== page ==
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  48.  7 DLs
    James A. Diamond (2010). Exegetigal Idealization: Hermann Cohens Religion of Reason Out of the Sources of Maimonides. Journal of Jewish Thought and Philosophy 18 (1):49-73.score: 24.0
    While Maimonides reread his sources to reconcile biblical and rabbinic texts with the demands of reason, Hermann Cohen, in his construction of a “religion of reason,” rereads Maimonides' rereadings of those very same texts. Maimonides' Judaism often bridges the sources toward Cohen's religion of reason by providing a philological anchor that nudges a term or verse now viewed through a more modern historical and evolutionary lens toward its ultimate reason-infused meaning. This paper will explore a hitherto neglected feature of (...)
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  49.  7 DLs
    Gerhard Schreiber (2013). Die philosophische Verflüchtigung des Glaubensbegriffs. Kierkegaards Auseinandersetzung mit Immanuel Hermann Fichte. Kierkegaard Studies Yearbook 2013 (1):345-376.score: 24.0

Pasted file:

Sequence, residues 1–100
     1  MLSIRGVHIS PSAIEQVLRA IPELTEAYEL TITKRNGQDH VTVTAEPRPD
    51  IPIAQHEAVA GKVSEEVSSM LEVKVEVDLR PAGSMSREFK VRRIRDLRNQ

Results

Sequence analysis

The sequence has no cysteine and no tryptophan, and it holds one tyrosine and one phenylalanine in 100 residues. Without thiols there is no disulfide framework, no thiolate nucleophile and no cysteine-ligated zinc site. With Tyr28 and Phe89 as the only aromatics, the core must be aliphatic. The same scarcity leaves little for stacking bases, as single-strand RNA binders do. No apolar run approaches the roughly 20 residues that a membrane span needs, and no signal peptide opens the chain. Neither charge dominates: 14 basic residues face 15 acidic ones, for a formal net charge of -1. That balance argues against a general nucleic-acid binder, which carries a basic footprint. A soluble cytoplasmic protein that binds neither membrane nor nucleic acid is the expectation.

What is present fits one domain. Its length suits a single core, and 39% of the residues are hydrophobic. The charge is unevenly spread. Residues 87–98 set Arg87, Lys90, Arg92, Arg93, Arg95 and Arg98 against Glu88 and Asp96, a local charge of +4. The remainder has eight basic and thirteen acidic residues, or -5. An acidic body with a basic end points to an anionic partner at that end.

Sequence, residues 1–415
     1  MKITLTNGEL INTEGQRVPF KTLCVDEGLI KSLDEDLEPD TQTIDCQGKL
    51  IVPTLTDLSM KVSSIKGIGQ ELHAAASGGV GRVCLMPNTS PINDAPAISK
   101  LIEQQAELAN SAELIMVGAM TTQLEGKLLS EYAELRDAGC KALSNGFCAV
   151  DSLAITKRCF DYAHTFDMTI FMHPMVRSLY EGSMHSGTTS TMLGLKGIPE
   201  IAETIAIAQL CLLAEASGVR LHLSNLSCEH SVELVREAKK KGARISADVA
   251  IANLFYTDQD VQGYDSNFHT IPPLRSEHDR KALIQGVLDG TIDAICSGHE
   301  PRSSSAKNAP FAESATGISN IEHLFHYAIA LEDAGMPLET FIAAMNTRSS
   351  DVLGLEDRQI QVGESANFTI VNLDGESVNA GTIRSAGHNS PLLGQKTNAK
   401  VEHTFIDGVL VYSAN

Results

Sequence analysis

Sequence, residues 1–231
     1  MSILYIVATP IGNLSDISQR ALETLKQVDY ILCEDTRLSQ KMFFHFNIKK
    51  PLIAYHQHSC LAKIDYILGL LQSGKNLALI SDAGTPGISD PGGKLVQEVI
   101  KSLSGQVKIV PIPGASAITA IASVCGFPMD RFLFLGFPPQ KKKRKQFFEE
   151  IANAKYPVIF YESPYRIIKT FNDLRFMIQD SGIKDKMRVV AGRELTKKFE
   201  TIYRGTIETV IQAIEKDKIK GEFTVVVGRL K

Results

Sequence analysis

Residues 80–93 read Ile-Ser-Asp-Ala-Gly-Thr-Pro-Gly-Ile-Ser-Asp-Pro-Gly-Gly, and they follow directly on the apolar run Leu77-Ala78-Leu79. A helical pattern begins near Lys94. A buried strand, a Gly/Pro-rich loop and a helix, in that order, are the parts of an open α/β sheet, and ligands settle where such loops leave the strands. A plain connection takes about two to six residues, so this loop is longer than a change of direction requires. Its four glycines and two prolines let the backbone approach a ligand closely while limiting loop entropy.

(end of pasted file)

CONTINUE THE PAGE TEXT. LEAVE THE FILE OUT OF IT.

Who is Kierkegaard’s target, when he criticizes the philosophical ‘volatilization’ of Christian faith? In this paper I will argue that Kierkegaard’s early dispute with Immanuel Hermann Fichte in the spring of 1837 can be considered not only as the background of this critique, but also as the key to its proper understanding. After outlining the argument in Fichte’s book The Idea of Personality and Individual Continuity (1834) in Section I, I will provide an interpreta-tion of Kierkegaard’s critical remarks on (...)
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  50.  0 DLs
    Gregor Schiemann (2009). Hermann von Helmholtz's Mechanism: The Loss of Certainty. A Study on the Transition From Classical to Modern Philosophy of Nature. Springer.score: 24.0
    Two seemingly contradictory tendencies have accompanied the development of the natural sciences in the past 150 years. On the one hand, the natural sciences have been instrumental in effecting a thoroughgoing transformation of social structures and have made a permanent impact on the conceptual world of human beings. This histori¬cal period has, on the other hand, also brought to light the merely hypothetical validity of scientific knowledge. As late as the middle of the 19th century the truth-pathos in the natural (...)